"Girl Most Likely" (July 19)
Kristen Wiig, Darren Criss and Annette Bening star in this comedy-drama about a New Jersey native (Wiig) who returns home to live with her mother (Bening) after faking a suicide attempt.
"The Wolverine" (July 26)
Hope it's better than "X-Men Origins: Wolverine."
"Blue Jasmine" (July 26)
Woody Allen's annual film stars Cate Blanchett, Bobby Cannavale, Alec Baldwin, Louis C.K. and Andrew Dice Clay.
"Fruitvale" (July 26)
The Sundance Film Festival Grand Jury Prize winner for 2013 tells the story of Oscar Grant (played by Michael B. Jordan, pictured), a Bay Area resident who was shot and killed by police on New Year's Day in 2009.
"2 Guns" (Aug. 2)
Denzel Washington and Mark Wahlberg team up to star in what should be the best movie ever.
"300: Rise Of An Empire" (Aug. 2)
Because you've always wanted to see a sequel to "300." <strong>UPDATE</strong>: MOVED TO 2014.
"The Smurfs 2" (Aug. 2)
"The Spectacular Now" (Aug. 2)
Another Sundance favorite, "The Spectacular Now" is an excellent coming-of-age drama that recalls "Say Anything." Shailene Woodley and Miles Teller lead the film, and will become superstars after this release.
"Percy Jackson: Sea Of Monsters" (Aug. 7)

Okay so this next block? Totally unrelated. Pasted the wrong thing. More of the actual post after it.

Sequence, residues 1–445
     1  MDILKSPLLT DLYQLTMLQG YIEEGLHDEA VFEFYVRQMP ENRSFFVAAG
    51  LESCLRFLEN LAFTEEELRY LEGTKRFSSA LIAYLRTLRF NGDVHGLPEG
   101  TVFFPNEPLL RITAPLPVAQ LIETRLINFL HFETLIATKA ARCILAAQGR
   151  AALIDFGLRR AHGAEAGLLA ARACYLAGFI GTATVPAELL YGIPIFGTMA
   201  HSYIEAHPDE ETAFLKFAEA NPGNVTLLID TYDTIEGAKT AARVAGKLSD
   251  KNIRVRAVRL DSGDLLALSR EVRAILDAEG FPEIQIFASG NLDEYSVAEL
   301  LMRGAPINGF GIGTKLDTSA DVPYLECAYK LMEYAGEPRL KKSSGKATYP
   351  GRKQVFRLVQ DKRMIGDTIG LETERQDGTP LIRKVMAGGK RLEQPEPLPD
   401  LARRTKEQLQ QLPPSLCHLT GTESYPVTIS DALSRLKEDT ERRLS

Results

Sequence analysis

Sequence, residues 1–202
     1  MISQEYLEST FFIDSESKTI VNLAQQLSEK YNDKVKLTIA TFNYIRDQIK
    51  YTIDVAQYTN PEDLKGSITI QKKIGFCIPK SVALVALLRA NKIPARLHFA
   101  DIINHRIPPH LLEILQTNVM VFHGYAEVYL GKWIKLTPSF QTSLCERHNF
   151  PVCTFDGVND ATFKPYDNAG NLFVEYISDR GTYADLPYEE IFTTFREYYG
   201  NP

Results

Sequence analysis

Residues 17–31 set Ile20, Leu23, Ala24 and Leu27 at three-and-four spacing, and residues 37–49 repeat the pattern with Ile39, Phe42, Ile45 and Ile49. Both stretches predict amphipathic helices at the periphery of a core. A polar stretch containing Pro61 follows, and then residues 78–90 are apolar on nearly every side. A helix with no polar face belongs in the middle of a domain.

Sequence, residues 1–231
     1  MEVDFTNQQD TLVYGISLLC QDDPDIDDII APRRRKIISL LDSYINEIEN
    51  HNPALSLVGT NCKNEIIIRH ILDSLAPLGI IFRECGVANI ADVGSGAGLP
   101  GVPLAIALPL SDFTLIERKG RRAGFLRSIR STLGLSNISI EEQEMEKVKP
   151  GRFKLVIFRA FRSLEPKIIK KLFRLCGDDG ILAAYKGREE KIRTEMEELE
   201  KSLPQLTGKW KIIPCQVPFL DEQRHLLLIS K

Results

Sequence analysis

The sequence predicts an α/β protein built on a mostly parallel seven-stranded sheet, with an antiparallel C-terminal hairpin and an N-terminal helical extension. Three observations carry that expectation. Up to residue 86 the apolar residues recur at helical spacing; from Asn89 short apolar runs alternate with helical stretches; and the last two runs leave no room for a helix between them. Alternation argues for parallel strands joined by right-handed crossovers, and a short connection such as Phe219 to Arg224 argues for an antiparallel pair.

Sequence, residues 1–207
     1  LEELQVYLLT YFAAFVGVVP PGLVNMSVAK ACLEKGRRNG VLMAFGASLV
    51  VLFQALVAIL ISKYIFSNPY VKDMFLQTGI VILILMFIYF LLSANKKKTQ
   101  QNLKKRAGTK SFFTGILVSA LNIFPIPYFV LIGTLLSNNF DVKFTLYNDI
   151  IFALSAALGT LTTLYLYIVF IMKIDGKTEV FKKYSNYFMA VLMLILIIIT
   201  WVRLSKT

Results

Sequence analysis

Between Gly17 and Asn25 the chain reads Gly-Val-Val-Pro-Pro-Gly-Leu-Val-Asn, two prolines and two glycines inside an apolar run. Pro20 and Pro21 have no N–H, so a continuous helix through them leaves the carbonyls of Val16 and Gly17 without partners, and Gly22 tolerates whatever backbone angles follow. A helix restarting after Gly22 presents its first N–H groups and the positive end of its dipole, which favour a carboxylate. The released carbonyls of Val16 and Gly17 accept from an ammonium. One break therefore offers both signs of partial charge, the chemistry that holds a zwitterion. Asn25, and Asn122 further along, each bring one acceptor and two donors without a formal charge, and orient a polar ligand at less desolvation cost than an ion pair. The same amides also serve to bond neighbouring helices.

Surprise! This actually looks pretty fun.
"Elysium" (Aug. 9)
Matt Damon and Jodie Foster star in Neill Blomkamp's first film since 2009's "District 9." Get excited now.
"Planes" (Aug. 9)
Featuring the voices of Dane Cook and Val Kilmer.
"We're The Millers" (Aug. 9)
Jennifer Aniston, Jason Sudeikis and Ed Helms star in this comedy about a pot dealer who uses a family to transport his drug supply into the United States from Mexico.
"In A World" (Aug. 9)
Lake Bell won the Waldo Salt screenwriting award at Sundance this year for "In A World," a comedy about a vocal coach with dreams of becoming a voice-over artist.
"Kick-Ass 2" (Aug. 16)
Chloe Moretz, Aaron Taylor-Johnson and Jim Carrey star in this sequel to "Kick-Ass."
"Ain't Them Bodies Saints" (Aug. 16)
Rooney Mara and Casey Affleck star in "Ain't Them Bodies Saints," another film that made waves at this year's Sundance Film Festival.